July’s Native Maryland Plant
Verbena hastata L.
Common Name: Blue Vervain
Verbena hastata is often described as having a candelabra-like inflorescence. It grows on erect stems that can reach 5’ and its tiny 5-lobed, tubular flowers attract a variety of pollinators. In my garden I’ve observed long and short-tongued bees that quickly circle the flower from top to bottom, collecting nectar as they go; other insects tend to linger. Its bitter foliage is said to be unpalatable to herbivores although tender new growth is susceptible to nibbling by rabbits. I planted Verbena hastata with other moisture-loving plants in a consistently wet area in my yard. I was delighted to learn that this plant is a host plant for both the verbena moth and common buckeye butterfly and that the seeds are eaten by songbirds, including sparrow, junco and cardinal. How wonderful is that? If you have wet areas in your garden and deer pressure – I suggest you give Verbena hastata a try. I’ll be recommending it at the next Bay Wise visit where residents have wet ground to cover.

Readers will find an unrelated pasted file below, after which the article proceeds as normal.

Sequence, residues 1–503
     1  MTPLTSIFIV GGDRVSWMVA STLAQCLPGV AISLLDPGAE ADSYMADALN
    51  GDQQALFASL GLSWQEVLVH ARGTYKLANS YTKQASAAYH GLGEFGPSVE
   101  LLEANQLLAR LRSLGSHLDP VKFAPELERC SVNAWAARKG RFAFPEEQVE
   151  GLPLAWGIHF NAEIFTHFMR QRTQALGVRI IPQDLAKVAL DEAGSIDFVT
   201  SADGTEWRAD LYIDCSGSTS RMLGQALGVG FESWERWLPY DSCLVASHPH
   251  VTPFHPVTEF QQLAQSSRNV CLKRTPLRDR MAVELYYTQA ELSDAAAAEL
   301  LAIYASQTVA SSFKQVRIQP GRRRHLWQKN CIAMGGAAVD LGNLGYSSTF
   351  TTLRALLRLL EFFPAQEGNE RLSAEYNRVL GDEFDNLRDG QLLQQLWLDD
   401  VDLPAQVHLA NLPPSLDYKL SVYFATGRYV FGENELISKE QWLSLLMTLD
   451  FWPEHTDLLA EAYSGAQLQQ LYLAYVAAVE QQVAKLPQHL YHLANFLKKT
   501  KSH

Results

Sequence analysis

~ Alison Milligan – Mstr. Gardener/Mstr. Naturalist/Mstr. Watershed Steward
Chesapeake Bay Landscape Professional (CBLP)